For those that haven’t been through a boot camp, simulator, or other condensed training program, I’ll elaborate a little more so you get a feel for what it’s like and whether this is something you might want to try.
It’s not that I, or any other student for that matter, can’t watch the videos and complete the assignments, because I can do that without issue. Trying to absorb, understand, master, and be able to recall all that information in order to complete my own custom project by the end of week twelve, now that is another thing. I’m sure I’ll get there, but I am feeling a little bit like an imposter this week when calling myself a front-end web developer.
During the orientation they warned us about imposter syndrome. The short definition of imposter syndrome might be described as when you feel like you will be discovered for not being a “real coder.” The longer definition of impostor syndrome (also known as impostor phenomenon or fraud syndrome) is a concept describing high-achieving individuals who are marked by an inability to internalize their accomplishments and a persistent fear of being exposed as a “fraud”.
They warned us that everyone feels that way at some point. It is prevalent in the IT industry because there are so many languages and disciplines. It is impossible to know everything. You are always running into someone who knows more than you, or at least knows different areas than you. In spite of learning a great deal of new material, it seems there is always more to learn and you can’t help but compare yourself and your own level of knowledge to your instructor or even other class mates who seem to be much further ahead. In spite of significant accomplishments, it becomes very easy to doubt yourself when struggling to learn new programming concepts.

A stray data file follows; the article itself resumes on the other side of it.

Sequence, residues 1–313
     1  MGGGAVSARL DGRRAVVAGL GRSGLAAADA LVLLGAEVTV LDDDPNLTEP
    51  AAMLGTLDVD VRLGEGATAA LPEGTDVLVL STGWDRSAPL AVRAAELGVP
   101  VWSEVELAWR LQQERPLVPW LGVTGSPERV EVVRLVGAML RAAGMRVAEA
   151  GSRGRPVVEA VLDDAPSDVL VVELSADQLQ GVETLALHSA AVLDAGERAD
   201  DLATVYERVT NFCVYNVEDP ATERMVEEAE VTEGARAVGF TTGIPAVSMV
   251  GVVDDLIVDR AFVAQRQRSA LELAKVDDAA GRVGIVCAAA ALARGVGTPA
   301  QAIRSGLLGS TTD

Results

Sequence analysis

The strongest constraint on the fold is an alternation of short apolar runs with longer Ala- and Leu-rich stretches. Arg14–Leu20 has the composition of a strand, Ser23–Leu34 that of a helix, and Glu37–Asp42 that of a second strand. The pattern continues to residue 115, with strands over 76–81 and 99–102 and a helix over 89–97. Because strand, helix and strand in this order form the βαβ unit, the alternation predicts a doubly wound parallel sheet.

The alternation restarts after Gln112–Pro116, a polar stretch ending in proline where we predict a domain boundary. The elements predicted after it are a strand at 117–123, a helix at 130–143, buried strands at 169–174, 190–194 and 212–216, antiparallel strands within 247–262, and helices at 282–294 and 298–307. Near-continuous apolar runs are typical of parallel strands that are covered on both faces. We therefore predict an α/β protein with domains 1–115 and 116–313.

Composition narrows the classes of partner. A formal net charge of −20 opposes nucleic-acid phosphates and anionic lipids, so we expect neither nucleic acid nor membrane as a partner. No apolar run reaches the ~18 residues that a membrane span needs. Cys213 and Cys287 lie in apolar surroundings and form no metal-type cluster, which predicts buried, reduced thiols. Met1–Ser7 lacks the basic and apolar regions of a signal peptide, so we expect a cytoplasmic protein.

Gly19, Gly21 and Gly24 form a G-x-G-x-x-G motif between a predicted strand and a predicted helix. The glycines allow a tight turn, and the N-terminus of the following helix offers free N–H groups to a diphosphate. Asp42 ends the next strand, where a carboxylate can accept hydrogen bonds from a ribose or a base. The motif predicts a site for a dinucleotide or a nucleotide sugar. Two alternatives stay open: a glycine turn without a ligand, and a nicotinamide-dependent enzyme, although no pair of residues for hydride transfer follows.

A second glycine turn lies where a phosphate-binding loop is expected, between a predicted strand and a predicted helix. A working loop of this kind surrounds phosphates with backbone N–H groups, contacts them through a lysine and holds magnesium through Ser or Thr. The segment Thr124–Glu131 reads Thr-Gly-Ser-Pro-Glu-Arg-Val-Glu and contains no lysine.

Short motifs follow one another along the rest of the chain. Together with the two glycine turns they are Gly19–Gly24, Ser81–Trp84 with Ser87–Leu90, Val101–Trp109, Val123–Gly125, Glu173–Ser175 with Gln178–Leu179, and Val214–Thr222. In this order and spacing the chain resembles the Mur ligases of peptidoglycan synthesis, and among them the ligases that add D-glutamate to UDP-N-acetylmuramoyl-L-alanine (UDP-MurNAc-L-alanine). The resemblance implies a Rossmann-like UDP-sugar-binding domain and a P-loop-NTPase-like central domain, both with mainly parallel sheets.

When I was first learning how to fly airplanes the FAA had a term to take a little pressure off pilots in training. I was advised to use the term “student pilot.” This term also served to alert the air traffic controllers to speak a little slower and be ready for anything.
“Indianapolis Approach, Cessna N5491J, 20 miles west, inbound landing international with information delta, student pilot.” The controller would then speak a little slower and help guide you along with a little more patience than they would with someone who was already supposed to know how to fly the airplane and speak with ATC. Maybe I should add “In-Training” to my self-declared title. John Hendrix, Front-End Web Developer, In-Training. That might take some of the pressure off.
One of the things that I love about the IT industry in general, and the developer community specifically, is the feeling of welcoming and encouragement. Maybe its because everyone has been there and knows what it’s like trying to learn to code. That and the fact that the learning never ends in IT. In some industries the veterans have mastered their craft and some of them forget what it was like trying to get started and how difficult learning can be for the rookies. Not in IT. In IT everyone is a student for life.
This weeks Treehouse.com courses are CSS Selectors and jQuery Basics. I’ve also been busy this week with some job interviews. Whoop, whoop! There is nothing quite as encouraging as completing an interview and then being asked to proceed on to the next step in the interview process. Fingers crossed! See you next week.